July, 28, 2011: “All We Had to Do Was Run”: Sudanese youngsters win acclaim for their success at the Special Olympics
By Issraa El-Kogali
Khartoum - Young Sudanese athletes who brought home medals from the June Special Olympics in Athens, Greece, have had their achievement recognized by the Government of Sudan.
Iman Salah, 12, and Hassan Mohammed, 15, were members of a four-strong Sudanese team that took part in the Special Olympics, the world's largest sports organization for children and adults with intellectual disabilities.
“It was a wonderful experience,” said Hassan. “We were welcomed by so many people and felt proud to represent our country”.
“Children with special needs who used to be hidden from the world can achieve many things with their talents when given the chance to excel,” Mr Kastberg added.“Children with special needs who used to be hidden from the world can achieve many things with their talents when given the chance to excel,” Mr Kastberg added.
All four athletes attend Alrida Modern School in Khartoum’s Mugran area. Students from the school have participated in the bi-annual Special Olympics since 2007. Training sessions on the school athletics grounds were supplemented by more intensive sessions at the Military Sports training facility and the Olympic Village, in south Khartoum.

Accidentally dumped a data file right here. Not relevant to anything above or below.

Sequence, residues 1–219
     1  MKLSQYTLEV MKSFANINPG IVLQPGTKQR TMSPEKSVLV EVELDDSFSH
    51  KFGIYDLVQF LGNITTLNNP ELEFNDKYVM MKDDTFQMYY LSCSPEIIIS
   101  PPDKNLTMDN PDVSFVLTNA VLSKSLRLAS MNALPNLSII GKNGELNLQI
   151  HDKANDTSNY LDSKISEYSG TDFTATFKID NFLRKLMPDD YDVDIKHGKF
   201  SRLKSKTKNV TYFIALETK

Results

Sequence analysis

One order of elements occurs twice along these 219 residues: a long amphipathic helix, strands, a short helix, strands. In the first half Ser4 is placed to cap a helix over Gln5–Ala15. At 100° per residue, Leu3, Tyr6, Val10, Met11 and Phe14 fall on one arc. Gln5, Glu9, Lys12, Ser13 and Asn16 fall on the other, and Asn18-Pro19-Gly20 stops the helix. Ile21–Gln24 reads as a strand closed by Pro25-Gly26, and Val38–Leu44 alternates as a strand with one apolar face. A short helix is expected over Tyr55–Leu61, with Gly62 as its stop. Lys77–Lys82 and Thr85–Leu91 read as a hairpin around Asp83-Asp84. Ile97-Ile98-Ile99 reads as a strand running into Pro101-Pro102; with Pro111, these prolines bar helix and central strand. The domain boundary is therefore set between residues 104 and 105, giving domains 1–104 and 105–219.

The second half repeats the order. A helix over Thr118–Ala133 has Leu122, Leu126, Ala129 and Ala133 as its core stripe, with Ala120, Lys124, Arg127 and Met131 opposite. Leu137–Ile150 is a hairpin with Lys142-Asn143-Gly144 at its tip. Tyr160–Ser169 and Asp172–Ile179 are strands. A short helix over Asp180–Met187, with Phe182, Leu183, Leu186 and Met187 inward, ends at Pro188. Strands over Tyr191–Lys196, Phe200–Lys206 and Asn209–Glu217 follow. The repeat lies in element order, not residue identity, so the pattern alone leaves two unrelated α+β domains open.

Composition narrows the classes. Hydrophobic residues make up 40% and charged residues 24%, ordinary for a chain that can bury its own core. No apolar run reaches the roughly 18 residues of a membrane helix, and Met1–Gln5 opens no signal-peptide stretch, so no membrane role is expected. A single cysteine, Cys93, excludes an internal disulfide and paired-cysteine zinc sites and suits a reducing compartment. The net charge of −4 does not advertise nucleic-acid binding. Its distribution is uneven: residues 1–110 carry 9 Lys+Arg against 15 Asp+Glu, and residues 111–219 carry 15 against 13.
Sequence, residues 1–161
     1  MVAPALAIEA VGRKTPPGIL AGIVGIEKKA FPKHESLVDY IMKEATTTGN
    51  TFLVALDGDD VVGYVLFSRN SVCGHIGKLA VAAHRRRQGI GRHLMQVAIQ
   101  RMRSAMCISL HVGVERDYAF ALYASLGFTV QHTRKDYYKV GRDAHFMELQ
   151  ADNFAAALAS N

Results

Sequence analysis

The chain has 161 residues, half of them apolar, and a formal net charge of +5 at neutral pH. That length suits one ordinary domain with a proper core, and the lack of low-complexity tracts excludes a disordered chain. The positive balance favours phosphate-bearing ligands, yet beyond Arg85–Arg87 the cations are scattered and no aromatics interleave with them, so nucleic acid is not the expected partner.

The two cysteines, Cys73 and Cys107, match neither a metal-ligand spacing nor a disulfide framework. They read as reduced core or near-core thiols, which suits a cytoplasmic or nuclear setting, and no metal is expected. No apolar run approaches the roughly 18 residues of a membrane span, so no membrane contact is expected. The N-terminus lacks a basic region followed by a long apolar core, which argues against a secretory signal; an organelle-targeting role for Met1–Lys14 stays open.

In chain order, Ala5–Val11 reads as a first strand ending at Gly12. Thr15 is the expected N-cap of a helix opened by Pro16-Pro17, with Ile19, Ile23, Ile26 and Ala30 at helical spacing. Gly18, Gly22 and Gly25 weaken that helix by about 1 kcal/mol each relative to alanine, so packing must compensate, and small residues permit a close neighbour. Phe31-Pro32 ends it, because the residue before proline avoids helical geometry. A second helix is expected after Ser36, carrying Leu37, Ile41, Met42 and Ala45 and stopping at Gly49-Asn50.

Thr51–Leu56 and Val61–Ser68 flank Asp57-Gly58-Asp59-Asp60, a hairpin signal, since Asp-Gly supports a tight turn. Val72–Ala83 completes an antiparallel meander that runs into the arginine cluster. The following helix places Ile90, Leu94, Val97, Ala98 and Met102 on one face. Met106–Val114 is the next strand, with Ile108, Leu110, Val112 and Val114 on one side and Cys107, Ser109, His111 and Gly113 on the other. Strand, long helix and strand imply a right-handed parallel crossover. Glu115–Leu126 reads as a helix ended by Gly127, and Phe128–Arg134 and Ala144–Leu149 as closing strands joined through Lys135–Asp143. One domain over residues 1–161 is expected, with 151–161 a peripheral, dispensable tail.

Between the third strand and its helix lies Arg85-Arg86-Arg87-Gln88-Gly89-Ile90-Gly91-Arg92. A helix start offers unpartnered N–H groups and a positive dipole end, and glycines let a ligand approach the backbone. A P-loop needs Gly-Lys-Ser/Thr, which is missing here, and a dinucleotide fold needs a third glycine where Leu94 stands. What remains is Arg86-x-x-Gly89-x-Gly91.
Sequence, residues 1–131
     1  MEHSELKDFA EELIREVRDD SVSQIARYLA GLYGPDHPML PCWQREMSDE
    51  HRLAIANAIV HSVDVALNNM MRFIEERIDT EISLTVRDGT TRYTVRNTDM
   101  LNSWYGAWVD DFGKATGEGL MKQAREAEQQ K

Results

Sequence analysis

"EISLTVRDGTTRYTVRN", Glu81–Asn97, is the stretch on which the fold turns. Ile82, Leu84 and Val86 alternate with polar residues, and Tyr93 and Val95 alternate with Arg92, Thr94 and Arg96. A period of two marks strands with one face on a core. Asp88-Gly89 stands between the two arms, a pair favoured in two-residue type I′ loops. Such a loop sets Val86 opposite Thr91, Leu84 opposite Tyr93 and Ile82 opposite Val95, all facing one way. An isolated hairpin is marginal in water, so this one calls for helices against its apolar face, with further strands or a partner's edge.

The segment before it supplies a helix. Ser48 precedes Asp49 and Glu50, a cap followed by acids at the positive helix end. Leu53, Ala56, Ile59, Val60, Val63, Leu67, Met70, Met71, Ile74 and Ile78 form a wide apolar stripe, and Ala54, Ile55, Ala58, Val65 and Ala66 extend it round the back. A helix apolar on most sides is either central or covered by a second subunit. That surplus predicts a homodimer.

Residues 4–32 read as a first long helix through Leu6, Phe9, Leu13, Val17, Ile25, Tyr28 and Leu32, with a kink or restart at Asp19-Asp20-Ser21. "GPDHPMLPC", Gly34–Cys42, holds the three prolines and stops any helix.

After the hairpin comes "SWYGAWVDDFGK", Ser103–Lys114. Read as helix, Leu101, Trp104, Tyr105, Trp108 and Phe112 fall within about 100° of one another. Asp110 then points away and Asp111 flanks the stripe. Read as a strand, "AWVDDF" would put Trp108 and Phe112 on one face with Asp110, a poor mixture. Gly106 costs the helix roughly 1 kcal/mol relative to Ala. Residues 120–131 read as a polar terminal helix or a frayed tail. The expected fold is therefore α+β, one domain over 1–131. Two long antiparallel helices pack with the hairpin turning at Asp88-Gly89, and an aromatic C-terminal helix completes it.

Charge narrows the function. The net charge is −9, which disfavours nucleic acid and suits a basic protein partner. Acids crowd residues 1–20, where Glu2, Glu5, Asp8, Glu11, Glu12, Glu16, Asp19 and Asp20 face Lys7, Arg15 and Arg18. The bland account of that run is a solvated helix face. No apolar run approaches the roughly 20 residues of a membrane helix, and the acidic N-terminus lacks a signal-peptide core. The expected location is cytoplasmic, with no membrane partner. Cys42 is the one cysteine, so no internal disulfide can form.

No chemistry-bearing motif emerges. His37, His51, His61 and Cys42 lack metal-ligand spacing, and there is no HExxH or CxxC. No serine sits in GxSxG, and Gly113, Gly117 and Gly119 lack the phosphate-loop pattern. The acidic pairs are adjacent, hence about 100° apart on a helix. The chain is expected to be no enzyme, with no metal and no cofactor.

Sudan was one of 38 competing nations at the Athens Special Olympics. The fact that two out of four team members won medals is testimony to the potential of children with special needs, according to Hisham Abuelela, a businessman who established Sudan’s Special Olympics Committee in 2006.
“It is wonderful to see these kids blossom into successful athletes through the Special Olympics,” said Mr. Abuelela, “This opportunity allows them to develop a sense of pride and accomplishment that they might not have otherwise had.”
Mr Abuelela took Sudan’s first team of 22 people to the Special Olympics in Shanghai, China in 2007. Since then the Sudanese Special Olympics athletes have competed in Abu Dhabi in 2008 and in Idaho, USA in 2010 winning a number of medals.
For the Sudanese youngsters at the Athens Special Olympics, their first experience of overseas travel was almost as exciting as the opportunity to meet fellow athletes from all around the world and make new friends.
“When the plane started moving I was surprised by how fast it moved and all the noise of the engines,” said Limya. “I ducked my head down for cover!” she added, laughing.
Note: UNICEF has recently become involved in the issues of children with special abilities in Sudan and has begun by documenting the situation of such children so to develop a comprehensive programme to improve their situation. UNICEF is also supporting a hippotherapy centre (horse therapy) in Khartoum that provides services for over 120 children with special abilities.